On 28 June 2012, Julian Adams (the UK FSA's Director of Insurance) delivered a Nicholas Barbon Lecture on "The Impact of Changing Regulation on the Insurance Industry" (the speech is available here).
Although most of the speech is dedicated to the development of insurance regulation over the last 100 years, from a market participant's perspective, Julian's his most interesting - and most challenging - remarks are about the regulatory response to recent market developments, and the implementation of Solvency II. (If you want to go straight there, turn to page 9.)
Long story short: the FSA has apparently decided to require internal model firms to: (i) calculate and monitor a series of ratios; (ii) include the ratios in their regulatory returns; and (iii) give immediate notice to the FSA if the results fall outside a predetermined range. If notice is given, an immediate supervisory review of the firm's internal model will follow. The firm may then be required to change its model. It could also be required to revert to the standard formula and/or the FSA may impose a capital add-on, with all of the publicity and other consequences that will eventually follow. The FSA's stated objective is to ensure that internal model's consistently deliver results that are calibrated at a confidence level of 99.5% over a one year period.
From an industry perspective, this is all rather curious:
- The FSA seems to have decided that it will require all internal model firms to do these things. And it's made its decision before Omnibus II has been settled and the final Level 2 Regulation has been published. This may suggest that the FSA was unable to persuade EIOPA and the Commission to include these additional requirements in the new regime, and the FSA has been 'forced' to to go it alone?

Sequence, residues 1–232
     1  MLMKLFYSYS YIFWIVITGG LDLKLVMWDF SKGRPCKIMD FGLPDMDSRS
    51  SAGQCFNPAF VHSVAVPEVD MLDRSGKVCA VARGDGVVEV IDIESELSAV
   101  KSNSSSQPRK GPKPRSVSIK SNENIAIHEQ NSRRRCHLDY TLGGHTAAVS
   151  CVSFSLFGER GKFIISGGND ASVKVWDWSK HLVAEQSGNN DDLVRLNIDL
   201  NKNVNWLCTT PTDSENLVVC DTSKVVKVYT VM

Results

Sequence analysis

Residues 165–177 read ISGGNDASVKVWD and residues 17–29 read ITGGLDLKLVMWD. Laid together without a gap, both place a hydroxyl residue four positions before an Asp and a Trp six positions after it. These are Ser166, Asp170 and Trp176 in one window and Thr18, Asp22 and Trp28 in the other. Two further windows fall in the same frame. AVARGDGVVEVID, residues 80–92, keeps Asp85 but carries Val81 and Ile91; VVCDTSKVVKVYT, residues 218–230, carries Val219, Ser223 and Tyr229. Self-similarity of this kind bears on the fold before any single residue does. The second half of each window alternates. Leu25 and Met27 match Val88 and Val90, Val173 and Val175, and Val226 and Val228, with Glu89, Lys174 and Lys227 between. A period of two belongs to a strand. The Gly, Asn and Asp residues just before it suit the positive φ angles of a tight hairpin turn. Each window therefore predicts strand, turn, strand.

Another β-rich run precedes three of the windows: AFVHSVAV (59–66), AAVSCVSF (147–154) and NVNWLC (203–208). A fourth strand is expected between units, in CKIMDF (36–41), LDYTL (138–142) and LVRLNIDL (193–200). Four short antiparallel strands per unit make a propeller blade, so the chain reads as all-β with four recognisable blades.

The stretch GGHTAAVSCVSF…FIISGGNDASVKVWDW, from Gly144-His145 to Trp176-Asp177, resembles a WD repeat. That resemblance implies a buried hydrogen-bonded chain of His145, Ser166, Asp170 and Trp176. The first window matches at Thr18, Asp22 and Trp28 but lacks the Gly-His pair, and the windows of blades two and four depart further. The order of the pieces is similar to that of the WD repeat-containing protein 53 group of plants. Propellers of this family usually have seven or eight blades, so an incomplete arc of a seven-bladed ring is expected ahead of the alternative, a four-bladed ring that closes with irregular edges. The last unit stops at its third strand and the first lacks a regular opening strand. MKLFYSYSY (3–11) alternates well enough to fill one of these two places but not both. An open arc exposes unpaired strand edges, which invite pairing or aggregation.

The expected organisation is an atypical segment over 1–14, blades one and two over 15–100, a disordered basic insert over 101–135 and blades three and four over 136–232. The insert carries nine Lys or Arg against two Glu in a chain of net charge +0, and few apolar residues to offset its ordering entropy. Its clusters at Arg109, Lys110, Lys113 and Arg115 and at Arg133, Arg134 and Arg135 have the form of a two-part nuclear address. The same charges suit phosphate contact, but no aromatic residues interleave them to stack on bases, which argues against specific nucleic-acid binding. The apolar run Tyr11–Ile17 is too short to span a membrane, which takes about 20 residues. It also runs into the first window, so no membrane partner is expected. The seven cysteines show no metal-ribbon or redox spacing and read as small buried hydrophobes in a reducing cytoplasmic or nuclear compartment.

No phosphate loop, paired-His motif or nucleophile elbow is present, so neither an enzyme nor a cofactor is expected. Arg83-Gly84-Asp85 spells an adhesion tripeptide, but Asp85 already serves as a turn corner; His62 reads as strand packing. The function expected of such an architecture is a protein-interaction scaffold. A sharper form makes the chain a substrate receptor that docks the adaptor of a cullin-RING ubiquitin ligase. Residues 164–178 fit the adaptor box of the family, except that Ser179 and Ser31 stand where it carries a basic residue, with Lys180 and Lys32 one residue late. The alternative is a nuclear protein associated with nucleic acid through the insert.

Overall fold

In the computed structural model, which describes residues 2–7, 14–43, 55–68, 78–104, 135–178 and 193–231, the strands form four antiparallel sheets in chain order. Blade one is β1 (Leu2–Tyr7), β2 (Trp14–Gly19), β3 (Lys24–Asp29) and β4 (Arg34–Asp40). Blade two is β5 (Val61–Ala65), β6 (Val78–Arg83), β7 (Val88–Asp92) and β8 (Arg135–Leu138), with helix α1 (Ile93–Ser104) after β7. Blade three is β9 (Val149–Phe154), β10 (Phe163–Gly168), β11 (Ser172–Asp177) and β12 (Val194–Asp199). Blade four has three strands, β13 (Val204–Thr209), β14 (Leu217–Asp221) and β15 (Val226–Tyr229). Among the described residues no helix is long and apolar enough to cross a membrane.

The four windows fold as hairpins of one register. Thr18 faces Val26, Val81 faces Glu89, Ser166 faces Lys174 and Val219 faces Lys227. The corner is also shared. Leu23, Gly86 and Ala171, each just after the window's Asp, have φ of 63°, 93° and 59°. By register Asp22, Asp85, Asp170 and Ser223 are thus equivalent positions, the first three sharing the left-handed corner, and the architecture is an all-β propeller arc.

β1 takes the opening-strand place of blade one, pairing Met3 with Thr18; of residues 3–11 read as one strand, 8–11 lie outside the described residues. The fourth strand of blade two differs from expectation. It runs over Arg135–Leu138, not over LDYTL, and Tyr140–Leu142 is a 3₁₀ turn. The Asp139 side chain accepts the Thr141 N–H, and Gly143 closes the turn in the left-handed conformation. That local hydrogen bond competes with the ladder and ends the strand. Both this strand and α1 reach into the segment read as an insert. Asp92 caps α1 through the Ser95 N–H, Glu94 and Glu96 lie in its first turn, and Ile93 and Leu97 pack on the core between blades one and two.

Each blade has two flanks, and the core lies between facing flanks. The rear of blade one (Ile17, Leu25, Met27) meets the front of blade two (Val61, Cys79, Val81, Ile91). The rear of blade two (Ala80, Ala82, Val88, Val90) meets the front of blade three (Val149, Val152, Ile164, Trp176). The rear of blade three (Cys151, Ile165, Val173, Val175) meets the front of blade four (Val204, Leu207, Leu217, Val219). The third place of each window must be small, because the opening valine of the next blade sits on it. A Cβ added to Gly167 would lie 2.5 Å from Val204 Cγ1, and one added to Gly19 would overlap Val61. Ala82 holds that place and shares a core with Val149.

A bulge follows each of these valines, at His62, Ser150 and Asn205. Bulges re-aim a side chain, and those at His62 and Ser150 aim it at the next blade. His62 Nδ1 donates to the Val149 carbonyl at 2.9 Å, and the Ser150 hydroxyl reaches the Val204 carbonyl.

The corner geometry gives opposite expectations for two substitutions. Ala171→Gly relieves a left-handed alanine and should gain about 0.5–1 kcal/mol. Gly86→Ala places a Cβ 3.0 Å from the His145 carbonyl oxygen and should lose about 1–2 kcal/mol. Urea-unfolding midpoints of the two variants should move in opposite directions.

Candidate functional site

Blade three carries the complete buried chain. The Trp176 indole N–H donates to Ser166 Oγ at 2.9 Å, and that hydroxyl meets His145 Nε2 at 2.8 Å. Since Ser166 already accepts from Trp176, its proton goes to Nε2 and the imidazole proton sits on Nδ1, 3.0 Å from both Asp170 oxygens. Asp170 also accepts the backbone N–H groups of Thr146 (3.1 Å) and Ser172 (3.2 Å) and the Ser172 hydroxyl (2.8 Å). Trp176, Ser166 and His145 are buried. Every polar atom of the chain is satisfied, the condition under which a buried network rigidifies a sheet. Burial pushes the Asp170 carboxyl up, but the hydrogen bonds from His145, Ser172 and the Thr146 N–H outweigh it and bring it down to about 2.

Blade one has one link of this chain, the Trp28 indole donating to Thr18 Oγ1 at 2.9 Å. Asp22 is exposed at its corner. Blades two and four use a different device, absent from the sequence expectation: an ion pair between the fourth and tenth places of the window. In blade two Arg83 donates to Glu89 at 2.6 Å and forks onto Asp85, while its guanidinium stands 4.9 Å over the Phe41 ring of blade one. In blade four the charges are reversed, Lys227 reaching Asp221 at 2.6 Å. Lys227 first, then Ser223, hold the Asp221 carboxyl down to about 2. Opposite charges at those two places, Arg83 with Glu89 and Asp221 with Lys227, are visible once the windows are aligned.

- Although the FSA might be filling a gap in the Solvency II regime, it seems more likely that it is gold-plating, notwithstanding repeated assurances that it will not do that. (Those who've already read the FSA's letter to firms of 13 June 2012 (available here) are allowed a wry smile at this point, as they fondly remember the FSA's closing remarks).
- It's not yet clear why the FSA has decided to impose these requirements on all firms, when it could just impose them on the particular firms whose circumstances genuinely require more detailed checks. After all, Solvency II already requires firms to validate their internal models, and to test the outputs against experience, before making appropriate adjustments. It also requires firms to calculate their SCR at a confidence level of 99.5%, and includes a ladder of supervisory intervention that's triggered if there is a mere risk that the SCR will be breached within three months.
But perhaps the most curious thing is that the FSA seems to have persuaded itself that these steps can be justified by reference to problems that clearly arose in the banking sector, and the risks that might (but only might) arise in the insurance sector. If that is right, it can only be grist to the mill of those who believe that regulators don't fully appreciate the difference between insurance and banking, and that the problems this creates will only get worse when prudential insurance regulation moves over to the Bank of England.
The FSA will be required to consult on these proposals before they are implemented in rules and guidance. Firms may wish to consider what their response will be, when the time comes.